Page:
Beyond the Lectionary Text: 1 Timothy 5
by Bill Sytsma
Comments and Observations:
Children have an uncanny ability to notice differences and point out perceived unfairness.
Imagine a father who desires to support each of his three children as they graduate. When his oldest son graduates, he co-signs a loan to help him pay for his education. Two years later, when his daughter graduates, he buys her a new car and gives her money for a down payment on a home. Three years later, when his youngest son graduates, he hires a contractor to build him a new home, and gives his son a job.
At first glimpse, this looks unfair. The oldest son could complain that his dad merely cosigned a loan for him, while he gave his younger siblings vehicles and homes.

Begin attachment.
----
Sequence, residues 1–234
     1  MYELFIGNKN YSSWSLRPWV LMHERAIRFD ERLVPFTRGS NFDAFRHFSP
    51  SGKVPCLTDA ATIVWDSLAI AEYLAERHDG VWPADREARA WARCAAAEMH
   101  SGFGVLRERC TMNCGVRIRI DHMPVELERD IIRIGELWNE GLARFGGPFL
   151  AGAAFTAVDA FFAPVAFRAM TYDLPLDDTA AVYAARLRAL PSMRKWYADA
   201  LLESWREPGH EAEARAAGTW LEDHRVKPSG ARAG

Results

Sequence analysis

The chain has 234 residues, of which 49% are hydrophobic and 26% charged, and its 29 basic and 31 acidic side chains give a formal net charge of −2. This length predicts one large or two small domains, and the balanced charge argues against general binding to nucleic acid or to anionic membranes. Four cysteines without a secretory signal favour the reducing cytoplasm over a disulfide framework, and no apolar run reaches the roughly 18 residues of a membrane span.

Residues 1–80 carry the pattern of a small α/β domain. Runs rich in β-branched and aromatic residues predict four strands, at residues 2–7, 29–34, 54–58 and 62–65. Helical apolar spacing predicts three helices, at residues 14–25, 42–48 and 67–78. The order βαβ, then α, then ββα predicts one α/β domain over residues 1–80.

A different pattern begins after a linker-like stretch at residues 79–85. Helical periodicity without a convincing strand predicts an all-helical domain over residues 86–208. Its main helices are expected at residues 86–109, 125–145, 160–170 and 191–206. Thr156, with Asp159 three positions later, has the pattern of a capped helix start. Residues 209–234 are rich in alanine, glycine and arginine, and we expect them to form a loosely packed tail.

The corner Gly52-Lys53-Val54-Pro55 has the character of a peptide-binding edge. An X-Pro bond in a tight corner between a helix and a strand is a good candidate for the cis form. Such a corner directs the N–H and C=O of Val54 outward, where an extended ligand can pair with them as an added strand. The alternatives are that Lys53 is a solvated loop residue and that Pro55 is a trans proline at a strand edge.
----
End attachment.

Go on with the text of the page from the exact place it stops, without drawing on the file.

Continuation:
We carry the basic assumption that treating children fairly means that parents must treat each child equally, offering them the same gifts, benefits, and opportunities. To give one child a vehicle while making another child repay a loan seems to violate the basic assumption that fair treatment requires uniformity.
The problem with applying the principle of “fairness” is that the standard of treating everyone uniformly does not allow consideration for unique circumstances. We might believe the actions of the father mentioned above seem unfair, but would our opinions change if we discovered that his youngest son was afflicted with a severe disability? Would we believe the decisions were “fair” if we learned that the oldest son had received a fellowship that paid him a stipend while attending graduate school that would prepare him for a lucrative career, and that his daughter was preparing for service with a non-profit agency that was providing water filtration systems to third-world nations?